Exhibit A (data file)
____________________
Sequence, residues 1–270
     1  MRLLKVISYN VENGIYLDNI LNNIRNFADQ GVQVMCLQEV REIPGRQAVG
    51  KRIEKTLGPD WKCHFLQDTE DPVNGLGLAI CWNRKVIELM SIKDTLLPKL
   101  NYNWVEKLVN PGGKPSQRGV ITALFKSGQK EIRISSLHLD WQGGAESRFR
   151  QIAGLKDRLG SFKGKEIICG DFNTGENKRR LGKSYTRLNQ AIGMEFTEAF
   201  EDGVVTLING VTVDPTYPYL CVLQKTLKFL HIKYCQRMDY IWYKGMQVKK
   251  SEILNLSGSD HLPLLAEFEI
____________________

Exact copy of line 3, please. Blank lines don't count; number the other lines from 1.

    51  KRIEKTLGPD WKCHFLQDTE DPVNGLGLAI CWNRKVIELM SIKDTLLPKL